The Case for Sausage Rolls

The Case for Sausage Rolls


Good morning. Melissa Clark delved into the world of Australian sausage rolls this week, with an article about Paul Allam, an owner of Bourke Street Bakery in Sydney and Manhattan, and accompanying recipes stuffed with lamb, harissa and almond (above), pork and fennel sausage and vegan mushroom and leek. Sausage rolls are a mainstay of Australian school cafeterias and gas stations alike, and traditionally served with ketchup. These are not those sausage rolls, though. They merely evoke them while offering deliciousness on a higher plane. Set yourself up with some store-bought puff pastry and give them a try. You won’t be sorry.

And, in keeping with childhood pleasures, have chocolate chip cookies for dessert. For those, take a look at Charlotte Druckman’s article about the British baker Ravneet Gill and her recipe for “perfect” chocolate chip cookies, which among other things omits vanilla from the ingredient list. Her reasoning’s great. Vanilla’s too expensive now. “It was an everyday ingredient, and now it’s not,” she told Charlotte. “It’s like a special-treat ingredient.” You won’t miss it.

You may not want to make those today, of course. It’s Wednesday, after all, and for many that’s the worst day of the week to cook, when cooking seems most like a chore. If that’s you, fall back on an old standard, or just improvise, no recipe required. I did that last week in a kind of funk, warming garlic in olive oil with a little oregano and some red-pepper flakes, then adding canned chopped clams to the pan and a splash of white wine, and cooking it all down into syrup. I made some spaghetti then, built up my sauce with heavy cream and a huge amount of grated Parmesan, added the pasta to the pan with a splash of the water I’d cooked it in and mixed everything around until it was perfect. It was a delicious dinner, rich and velvety, and my funk dissipated with each bite.

Other things you might cook tonight or real soon: Meera Sodha’s cauliflower, cashew, pea and coconut curry (vegan!); Melissa Clark’s ham and bean soup with collard greens; Darun Kwak’s gilgeori toast; Paul Carmichael’s curried rice.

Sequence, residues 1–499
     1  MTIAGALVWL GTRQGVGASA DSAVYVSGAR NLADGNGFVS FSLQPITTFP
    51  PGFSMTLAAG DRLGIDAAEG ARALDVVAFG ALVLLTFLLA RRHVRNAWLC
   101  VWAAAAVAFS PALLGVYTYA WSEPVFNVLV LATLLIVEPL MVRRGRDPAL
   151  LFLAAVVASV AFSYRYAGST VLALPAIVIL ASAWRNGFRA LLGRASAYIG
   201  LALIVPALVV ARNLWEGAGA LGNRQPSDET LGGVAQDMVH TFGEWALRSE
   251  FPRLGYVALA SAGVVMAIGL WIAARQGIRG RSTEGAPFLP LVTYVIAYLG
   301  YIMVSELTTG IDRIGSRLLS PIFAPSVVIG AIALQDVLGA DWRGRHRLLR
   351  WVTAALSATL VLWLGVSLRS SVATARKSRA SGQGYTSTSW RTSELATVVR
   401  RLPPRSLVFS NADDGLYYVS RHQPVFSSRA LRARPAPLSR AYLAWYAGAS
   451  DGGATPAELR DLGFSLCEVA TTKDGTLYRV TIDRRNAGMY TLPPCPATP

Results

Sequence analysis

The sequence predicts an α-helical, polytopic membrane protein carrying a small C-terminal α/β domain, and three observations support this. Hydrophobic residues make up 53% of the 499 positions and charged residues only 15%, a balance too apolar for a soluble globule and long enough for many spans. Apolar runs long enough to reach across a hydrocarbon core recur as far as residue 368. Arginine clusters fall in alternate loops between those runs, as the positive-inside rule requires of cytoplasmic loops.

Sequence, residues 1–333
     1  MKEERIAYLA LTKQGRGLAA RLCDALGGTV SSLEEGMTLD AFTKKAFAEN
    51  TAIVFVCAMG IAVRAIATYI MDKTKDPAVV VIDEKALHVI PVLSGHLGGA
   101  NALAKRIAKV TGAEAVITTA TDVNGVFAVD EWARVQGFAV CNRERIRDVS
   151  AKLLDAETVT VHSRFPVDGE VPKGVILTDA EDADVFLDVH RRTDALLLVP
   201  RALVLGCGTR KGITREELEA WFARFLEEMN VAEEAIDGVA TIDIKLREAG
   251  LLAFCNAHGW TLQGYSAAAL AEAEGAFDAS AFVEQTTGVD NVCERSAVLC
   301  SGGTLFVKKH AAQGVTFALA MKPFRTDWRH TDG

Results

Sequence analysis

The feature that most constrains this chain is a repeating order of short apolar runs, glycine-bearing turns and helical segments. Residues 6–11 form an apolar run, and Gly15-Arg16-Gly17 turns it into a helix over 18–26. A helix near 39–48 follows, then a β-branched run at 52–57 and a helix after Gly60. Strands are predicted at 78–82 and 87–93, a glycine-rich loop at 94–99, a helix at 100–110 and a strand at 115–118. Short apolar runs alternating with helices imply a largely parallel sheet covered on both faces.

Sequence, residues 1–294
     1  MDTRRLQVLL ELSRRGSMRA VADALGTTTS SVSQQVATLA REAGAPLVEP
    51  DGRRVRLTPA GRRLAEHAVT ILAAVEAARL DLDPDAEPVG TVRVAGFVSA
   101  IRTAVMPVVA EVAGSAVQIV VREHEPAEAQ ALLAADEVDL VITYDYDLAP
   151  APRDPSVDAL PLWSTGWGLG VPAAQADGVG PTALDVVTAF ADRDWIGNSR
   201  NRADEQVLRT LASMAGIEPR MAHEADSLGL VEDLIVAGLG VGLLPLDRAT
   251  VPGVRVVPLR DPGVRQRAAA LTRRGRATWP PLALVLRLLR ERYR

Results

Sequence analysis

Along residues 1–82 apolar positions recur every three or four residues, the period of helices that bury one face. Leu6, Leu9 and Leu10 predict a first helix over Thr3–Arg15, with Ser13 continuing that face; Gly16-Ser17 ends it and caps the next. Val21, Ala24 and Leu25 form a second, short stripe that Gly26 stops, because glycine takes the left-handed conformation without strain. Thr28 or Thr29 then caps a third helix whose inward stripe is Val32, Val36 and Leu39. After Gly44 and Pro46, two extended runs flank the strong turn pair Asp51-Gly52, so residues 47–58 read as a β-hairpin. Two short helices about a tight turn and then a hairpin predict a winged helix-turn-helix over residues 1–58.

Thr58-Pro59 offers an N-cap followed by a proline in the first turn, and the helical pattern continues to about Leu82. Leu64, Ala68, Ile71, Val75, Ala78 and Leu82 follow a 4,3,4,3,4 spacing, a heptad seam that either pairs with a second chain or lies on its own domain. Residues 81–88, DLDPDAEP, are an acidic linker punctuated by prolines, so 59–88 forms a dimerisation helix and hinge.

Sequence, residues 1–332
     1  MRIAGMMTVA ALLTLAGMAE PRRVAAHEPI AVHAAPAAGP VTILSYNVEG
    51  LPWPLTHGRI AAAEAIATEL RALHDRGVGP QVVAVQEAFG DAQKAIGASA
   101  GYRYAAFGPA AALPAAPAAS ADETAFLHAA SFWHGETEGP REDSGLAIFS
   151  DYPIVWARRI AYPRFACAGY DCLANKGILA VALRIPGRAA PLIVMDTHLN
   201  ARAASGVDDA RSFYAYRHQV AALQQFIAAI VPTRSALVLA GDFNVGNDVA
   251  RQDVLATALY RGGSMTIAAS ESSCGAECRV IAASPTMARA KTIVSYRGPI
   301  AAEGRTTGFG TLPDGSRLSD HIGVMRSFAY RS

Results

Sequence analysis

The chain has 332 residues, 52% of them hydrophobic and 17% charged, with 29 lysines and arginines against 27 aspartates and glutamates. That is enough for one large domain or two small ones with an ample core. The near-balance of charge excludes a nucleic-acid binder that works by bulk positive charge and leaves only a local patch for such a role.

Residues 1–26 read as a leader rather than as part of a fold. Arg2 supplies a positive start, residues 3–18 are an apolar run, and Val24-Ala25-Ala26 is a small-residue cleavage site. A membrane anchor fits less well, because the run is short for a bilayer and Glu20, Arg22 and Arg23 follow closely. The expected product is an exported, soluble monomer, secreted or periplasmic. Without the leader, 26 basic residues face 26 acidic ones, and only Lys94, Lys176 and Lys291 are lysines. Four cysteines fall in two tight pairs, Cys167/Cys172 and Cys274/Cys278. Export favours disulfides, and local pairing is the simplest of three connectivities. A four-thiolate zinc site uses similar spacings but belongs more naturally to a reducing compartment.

Many thousands more recipes appropriate for weeknights are waiting for you on NYT Cooking. Go browse among them and see what you like. Save those recipes to your recipe box. Once you’ve cooked one, rate it. And you can leave notes on them, too, if you have any, either for yourself or for the benefit of your fellow subscribers. (Dozens of people work to bring you these features and recipes. Subscriptions are what make that possible. If you haven’t taken one out already, I hope you will think about subscribing today.)

We are, of course, available to help should anything go wrong along the way, either with your cooking or our technology. Just write us at [email protected], and someone will get back to you.

Now, it’s a very long way from peas and quail, but I strongly urge you to read Ayad Akhtar’s “Homeland Elegies,” a great American novel for a deeply divided America, filled with beautiful language and, as Dwight Garner noted in The Times, a kind of Gatsby-like flair.

More reading: Phil Klay’s novel “Missionaries,” about war in Colombia.

Still more: this excerpt in Slate of Sarah Smarsh’s book about Dolly Parton, “She Come by It Natural.”

Finally, some new music to play us off: Mdou Moctar, “Chismiten,” brought to my attention by the dark lord of popular music, Jon Pareles. I’ll be back on Friday.


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